Original ‘Metroid Prime’ devs criticise “shameful” lack of credit in remaster

“I'm let down ‘Metroid Prime Remastered’ does not include the full original game credits”

Zoid Kirsch, senior gameplay engineer for 2002’s Metroid Prime and its 2004 sequel Echoes, has criticised Nintendo’s Metroid Prime Remasted for not crediting the original team.

Nintendo surprise-released Metroid Prime Remastered last week, shortly after it was announced during their Direct Livestream while a physical version will follow on March 3.

Originally released for the GameCube in 2002, Metroid Prime follows armoured bounty hunter Samus Arun as she explores the planet of Tallon IV. As detailed on Nintendo’s storefront, the Switch remaster features “revamped graphics, sound, unlockable art, and updated control schemes,” and allows players to use the game’s original controls or more modern ones.


However, Zoid Kirsch has since taken to Twitter to criticise Nintendo for not including the names of the original developer team in Metroid Prime Remastered’s credits.

Sharing a screenshot from the game that reads “Based on the work of Metroid Prime (original Nintendo Gamecube and Wii versions) development staff.”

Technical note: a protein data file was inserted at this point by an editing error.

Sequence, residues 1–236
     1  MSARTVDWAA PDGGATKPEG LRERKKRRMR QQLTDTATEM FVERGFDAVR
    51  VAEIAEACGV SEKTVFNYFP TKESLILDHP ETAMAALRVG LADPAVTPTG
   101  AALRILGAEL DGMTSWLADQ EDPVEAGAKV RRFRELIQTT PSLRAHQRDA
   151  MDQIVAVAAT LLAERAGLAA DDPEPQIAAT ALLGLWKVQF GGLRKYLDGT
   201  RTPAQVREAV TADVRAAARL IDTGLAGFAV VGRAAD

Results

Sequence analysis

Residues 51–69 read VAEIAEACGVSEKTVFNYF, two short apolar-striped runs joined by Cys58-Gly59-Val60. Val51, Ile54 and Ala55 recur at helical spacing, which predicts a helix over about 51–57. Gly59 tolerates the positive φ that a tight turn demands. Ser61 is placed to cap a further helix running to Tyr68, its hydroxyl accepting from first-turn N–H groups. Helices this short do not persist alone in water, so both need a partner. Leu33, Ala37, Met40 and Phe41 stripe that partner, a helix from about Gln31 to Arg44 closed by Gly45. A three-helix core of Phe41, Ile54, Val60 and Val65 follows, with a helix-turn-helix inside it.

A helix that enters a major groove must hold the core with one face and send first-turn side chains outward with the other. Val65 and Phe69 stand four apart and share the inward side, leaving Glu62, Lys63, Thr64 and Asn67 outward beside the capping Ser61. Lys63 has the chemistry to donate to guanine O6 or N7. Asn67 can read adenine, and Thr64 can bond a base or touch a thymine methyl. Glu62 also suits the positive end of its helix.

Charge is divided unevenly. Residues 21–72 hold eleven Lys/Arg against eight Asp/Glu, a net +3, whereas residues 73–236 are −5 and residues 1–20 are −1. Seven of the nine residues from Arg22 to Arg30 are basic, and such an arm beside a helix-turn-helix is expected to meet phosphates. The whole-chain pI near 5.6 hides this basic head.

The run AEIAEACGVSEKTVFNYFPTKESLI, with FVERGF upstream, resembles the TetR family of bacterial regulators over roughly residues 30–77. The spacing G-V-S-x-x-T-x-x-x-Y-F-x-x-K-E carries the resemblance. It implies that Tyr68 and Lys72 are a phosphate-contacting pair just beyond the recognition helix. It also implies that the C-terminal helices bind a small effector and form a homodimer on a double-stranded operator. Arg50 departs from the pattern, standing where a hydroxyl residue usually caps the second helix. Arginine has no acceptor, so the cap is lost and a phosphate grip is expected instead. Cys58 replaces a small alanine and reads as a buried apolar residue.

Captioning the image, Kirsch wrote: “While many studios did amazing work on the remaster,  I’m let down Metroid Prime‘s remaster does not include the full original game credits. I worked with so many amazing people on the game and everyone’s name should be included in the remaster, not just a single card like this.”

Tech lead Jack Mathews shared Kirch’s tweet and added: “This is a travesty. Not just for my credit (even though most of my code was probably replaced), but for people whose code and work are largely unchanged, like Mark HH, Steve McCrea, all of the uprezzed art and concepts, the game design. Shameful.”


Shortly after the release of Metroid Prime Remastered, Kirsch praised the “wonderful” remaster, despite the “fucked up” doors.

Last month, The Last Of Us game director Bruce Straley claimed that not being credited on HBO‘s television adaptation is “an argument for unionisation” in the games industry.

“Someone who was part of the co-creation of that world and those characters isn’t getting a credit or a nickel for the work they put into it,” he explained.

In other news, a group of LGBTQ+ designers have raised over $79,000 (£65,587) after they put together a bundle games in protest at Hogwarts Legacy.

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